June 30, 2007
Months are Like Days
Their blog 100% Chance of Happiness has the most stunning photos of their travels. We'll be together on 4th of July. The question is how will we celebrate? Perhaps by going to a smoke-free pub!
June 29, 2007
Bonnie Banks O' Loch Lomond
Oh! ye'll take the high road and
I'll take the low road,
And I'll be in Scotland afore ye;
But me and my true love Will never meet again
On the bonnie, bonnie banks of Loch Lomond.
This song always seemed happy to me until I learned what's behind the song. Follow the link and learn more.
Cheri is a lawyer with the ranking QC (Queen's Council) and a portion of her practice are Legal Aid cases. This means that her practice, like other Legal Aid lawyers, depends on the government's willingness to continue to support Legal Aid cases. The government is proposing cuts in fees for these lawyers to the point of greatly jeopardising their ability to help those most in need. These are the issues that the organisation I work for, Legal Action Group, take most seriously.
Now back to our regularly schedule programming...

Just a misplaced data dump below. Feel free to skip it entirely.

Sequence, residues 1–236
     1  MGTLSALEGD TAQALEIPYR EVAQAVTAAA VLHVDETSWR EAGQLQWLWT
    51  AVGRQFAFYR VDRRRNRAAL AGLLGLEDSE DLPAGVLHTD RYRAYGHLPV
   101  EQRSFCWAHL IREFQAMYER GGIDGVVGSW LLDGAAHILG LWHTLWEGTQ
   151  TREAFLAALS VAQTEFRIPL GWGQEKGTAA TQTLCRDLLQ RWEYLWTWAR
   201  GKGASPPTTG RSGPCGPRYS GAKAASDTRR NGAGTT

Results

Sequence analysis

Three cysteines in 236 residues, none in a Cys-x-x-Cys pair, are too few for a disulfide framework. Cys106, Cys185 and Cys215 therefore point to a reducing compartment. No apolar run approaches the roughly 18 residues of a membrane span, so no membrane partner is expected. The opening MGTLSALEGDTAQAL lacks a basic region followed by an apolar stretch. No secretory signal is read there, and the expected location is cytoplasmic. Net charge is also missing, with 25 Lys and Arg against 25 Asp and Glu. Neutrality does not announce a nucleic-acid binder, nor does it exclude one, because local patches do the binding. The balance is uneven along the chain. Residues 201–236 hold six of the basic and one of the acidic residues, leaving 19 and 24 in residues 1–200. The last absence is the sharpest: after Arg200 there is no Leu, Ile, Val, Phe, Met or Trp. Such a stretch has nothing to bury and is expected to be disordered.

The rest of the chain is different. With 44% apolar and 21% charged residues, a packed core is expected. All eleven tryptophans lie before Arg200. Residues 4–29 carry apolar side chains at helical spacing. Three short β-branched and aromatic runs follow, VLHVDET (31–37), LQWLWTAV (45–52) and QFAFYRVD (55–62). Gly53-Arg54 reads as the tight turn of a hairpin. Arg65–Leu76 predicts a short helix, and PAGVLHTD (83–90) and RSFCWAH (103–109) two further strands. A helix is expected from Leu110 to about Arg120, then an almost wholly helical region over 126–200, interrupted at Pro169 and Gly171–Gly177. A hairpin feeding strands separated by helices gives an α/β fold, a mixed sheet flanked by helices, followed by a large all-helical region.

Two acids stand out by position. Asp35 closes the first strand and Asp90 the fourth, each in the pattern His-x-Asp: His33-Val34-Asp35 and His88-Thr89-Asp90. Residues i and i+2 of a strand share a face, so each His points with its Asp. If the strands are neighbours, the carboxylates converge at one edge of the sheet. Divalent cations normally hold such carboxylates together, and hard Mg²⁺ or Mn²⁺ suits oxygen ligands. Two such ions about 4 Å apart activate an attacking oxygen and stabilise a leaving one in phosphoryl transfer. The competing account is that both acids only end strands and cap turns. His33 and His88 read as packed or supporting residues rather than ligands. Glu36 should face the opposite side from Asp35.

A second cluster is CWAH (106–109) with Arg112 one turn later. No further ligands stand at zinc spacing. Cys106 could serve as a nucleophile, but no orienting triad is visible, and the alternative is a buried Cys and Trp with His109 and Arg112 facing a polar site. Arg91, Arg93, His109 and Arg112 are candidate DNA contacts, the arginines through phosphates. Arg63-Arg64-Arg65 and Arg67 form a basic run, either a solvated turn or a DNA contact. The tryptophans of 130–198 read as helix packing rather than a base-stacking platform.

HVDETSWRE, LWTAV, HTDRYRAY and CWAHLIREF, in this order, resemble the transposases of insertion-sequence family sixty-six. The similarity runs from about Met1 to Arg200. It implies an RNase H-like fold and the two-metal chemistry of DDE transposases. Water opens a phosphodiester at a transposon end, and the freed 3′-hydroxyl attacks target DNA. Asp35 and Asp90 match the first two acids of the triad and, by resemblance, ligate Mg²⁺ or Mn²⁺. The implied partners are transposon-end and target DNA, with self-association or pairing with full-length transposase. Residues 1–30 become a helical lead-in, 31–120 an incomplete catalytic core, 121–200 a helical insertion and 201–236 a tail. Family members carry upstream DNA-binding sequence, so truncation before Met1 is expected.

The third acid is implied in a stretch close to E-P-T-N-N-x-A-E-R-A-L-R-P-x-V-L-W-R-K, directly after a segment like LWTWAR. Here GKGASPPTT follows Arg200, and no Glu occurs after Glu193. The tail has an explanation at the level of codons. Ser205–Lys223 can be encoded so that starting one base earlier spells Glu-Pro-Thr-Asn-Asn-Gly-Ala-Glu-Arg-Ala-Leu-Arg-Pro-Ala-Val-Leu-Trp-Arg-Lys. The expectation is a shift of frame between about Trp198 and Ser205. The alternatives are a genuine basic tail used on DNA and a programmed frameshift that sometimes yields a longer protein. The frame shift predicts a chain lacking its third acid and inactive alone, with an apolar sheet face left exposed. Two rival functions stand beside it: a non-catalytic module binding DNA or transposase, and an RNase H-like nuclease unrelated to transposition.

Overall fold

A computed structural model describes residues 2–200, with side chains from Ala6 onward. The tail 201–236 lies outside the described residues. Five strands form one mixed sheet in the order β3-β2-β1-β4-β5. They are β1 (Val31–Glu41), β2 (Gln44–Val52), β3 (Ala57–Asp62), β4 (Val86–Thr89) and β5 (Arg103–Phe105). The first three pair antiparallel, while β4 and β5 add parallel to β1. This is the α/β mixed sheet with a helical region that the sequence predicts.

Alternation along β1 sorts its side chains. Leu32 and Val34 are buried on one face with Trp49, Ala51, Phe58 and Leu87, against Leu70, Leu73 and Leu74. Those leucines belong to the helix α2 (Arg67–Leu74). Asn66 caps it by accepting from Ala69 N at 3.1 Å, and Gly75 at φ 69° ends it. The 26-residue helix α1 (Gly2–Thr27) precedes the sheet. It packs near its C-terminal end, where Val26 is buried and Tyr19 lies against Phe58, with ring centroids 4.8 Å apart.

The event's Master of Ceremony interviewed Cheri on stage - her first major event as the wife of the former Prime Minister. She was eloquent, passionate, articulate and willing to answer all sorts of questions - nothing like she is portrayed in the press. Her most memorable moments?
1. Answering the door in her nightgown to find it was the press taking her photo.
2. Meeting world leaders including two popes.
3. Having a baby at 45 and while her husband was in office.
4. Dining at the White House with the Clintons and being serenaded by Stevie Wonder to the tune of Mon Cherie Amore.
I think the wig takes the cake - although that's for her day job.
Photo from Wikipedia.
June 24, 2007
Whole Foods New Business Paradigm
June 22, 2007
Check out this biting commentary Smoking ban: the benefits
by Time Out London columnist Michael Hodges.
Hodges also had some harsh word for London cyclists, ouch. Two-wheeled fascism: the trouble with London's cyclists.
As a pedestrian it made total sense. I'll have to re-read it now that I have a bike.
June 20, 2007
Rode the bike home today along the Canal from Kings Cross to Paddington. Took me 50 minutes door to door including 10 minutes of walking the bike from my office to the canal. That's much better than the two hours it takes me to walk. Now that the Tube is getting steamy, no air conditioning and it seems to be facing constant delays, the bike is a super alternative.